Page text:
❄ Grab your shovel, snow is headed to NJ

❄ Many have asked if you have to shovel your sidewalk

❄ Here is what the law says you have to do

It has been so long since most of the state has seen any accumulating snow, you might not even know where your snow shovel is.

You better go digging in your garage or shed and find it, because if you don’t have your shovel handy, it could cost you.

Keep reading to find out what you have to do, and what it will cost if you don't do it.

READ MORE: Dan Zarrow's latest take on the coming storm

Is there a state law that requires me to shovel my sidewalk?

No, there is not.

State legislators have never passed a statewide law that requires you to clear the ice and snow from your walkways and sidewalks.

However, most municipalities do have their own rules when it comes to clearing a path.

Canva/Townsquare Media illustration
Canva/Townsquare Media illustration

READ MORE: How to avoid a ridiculous fine when it snows in NJ

What is the general rule about shoveling the sidewalk?

There are 564 municipalities in New Jersey, so to be absolutely sure what the rules are in your town, check your local website or call the municipal clerk.

As a general rule, town do require you to remove the snow from sidewalks on your property within a certain period of time after the snow stop falling.

In some cases, it is in as little as four hours if the snow fell overnight.

Some towns require removal to be done within eight hours after the snow stops falling.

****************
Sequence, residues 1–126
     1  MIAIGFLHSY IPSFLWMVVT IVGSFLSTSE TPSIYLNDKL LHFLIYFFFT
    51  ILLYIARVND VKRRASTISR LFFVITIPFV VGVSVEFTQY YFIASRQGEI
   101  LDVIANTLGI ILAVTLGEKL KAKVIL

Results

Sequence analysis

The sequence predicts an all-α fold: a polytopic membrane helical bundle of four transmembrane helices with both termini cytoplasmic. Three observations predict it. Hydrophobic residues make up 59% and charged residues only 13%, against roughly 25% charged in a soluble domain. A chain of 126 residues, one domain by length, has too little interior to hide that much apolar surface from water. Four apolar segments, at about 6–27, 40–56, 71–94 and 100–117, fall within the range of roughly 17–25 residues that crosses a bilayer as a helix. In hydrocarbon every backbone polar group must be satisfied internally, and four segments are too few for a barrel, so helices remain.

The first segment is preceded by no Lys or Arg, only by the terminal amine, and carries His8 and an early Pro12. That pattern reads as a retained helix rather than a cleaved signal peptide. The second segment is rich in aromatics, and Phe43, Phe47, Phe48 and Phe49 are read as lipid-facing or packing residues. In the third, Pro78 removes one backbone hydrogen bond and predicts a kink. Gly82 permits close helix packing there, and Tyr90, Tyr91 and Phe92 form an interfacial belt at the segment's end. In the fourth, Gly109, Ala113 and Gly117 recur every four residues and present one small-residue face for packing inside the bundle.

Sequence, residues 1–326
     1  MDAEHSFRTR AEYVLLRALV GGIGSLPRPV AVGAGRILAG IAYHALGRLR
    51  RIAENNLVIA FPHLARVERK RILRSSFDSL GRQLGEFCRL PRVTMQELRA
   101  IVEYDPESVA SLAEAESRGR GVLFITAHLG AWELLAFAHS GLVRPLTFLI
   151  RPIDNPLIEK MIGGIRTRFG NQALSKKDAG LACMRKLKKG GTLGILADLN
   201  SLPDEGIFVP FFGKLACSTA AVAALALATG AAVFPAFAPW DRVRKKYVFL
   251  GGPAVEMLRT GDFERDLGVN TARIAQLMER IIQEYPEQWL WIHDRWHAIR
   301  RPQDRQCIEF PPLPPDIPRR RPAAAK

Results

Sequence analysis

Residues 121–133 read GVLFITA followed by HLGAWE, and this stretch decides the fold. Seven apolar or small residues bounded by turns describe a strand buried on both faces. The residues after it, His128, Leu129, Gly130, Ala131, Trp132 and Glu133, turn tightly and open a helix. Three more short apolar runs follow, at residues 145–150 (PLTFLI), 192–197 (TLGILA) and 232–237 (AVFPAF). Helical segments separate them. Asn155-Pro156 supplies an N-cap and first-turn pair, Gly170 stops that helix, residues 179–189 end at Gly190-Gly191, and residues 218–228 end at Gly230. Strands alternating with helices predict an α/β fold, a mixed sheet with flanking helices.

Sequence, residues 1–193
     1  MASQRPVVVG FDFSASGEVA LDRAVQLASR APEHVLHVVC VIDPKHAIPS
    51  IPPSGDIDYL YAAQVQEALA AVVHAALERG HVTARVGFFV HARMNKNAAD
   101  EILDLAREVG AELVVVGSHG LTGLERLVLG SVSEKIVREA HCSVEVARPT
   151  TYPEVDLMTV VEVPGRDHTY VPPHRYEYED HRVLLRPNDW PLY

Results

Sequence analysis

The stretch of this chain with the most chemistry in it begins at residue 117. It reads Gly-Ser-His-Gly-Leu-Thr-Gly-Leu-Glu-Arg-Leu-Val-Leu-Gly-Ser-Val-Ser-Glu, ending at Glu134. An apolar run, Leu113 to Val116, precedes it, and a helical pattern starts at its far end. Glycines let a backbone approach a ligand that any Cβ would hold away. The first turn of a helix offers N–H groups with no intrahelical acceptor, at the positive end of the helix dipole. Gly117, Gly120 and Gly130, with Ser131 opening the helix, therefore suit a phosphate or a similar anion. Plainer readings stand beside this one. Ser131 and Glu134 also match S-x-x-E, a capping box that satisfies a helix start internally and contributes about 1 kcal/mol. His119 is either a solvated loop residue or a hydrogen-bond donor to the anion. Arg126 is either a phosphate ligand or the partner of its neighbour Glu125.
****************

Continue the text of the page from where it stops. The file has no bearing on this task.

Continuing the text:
There are also some municipalities that give you 24-hours to clear snow from your property.

In addition to the sidewalk, some towns go as far as to require you to remove the snow on the walkways leading to your entry door.

You may also be required to remove snow from around a fire hydrant that may be on your property.

Canva/Townsquare Media illustration
Canva/Townsquare Media illustration

How wide does the path need to be?

Again, this will vary by town.

Some towns are not specific at all about how wide a path needs to be.

Generally, it should be 2-3 feet on residential properties.

Commercial businesses may have different rules for how big a path must be to enter and exit a business location.

READ MORE: An important winter reminder for all NJ drivers

Is anybody really going to check?

Maybe.  Maybe not.

It really depends on where you live in a particular town.

One local mayor told me they don’t drive through neighborhoods looking for violators and handing out summonses.

However, if a property is on a main thoroughfare or the sidewalk is used by kids walking to the bus stop or to school, they will keep an eye on it.

Most towns give warnings, not a summons.

Canva/Townsquare Media illustration
Canva/Townsquare Media illustration

Could I be fined if I don’t clear snow from the sidewalk?

Technically, yes.

Again, it will vary town-by-town, but the fines are generally less than $100.

A few towns actually impose a surcharge on property owners if municipal crews have to clear snow.

Some cities can also impose fines if you push the snow from your driveway or sidewalk into the road causing a traffic hazard.

The real reason you want to clear away any snow and ice

You could be sued.

If someone slips and falls due to snow and ice accumulation, it is possible they could sue you for damages.

This also includes anywhere on your property.

Canva/Townsquare Media illustration
Canva/Townsquare Media illustration

If a delivery person slips on the ice or snow on the patch leading to your front door, they could also technically file a lawsuit.

Some legal experts suggest these suits are rare, and judges could throw them out for being frivolous, but would you really want to go through that hassle?

In most cases, any injuries suffered should be covered by your homeowners' insurance policy, but you should check with your carrier to be sure.

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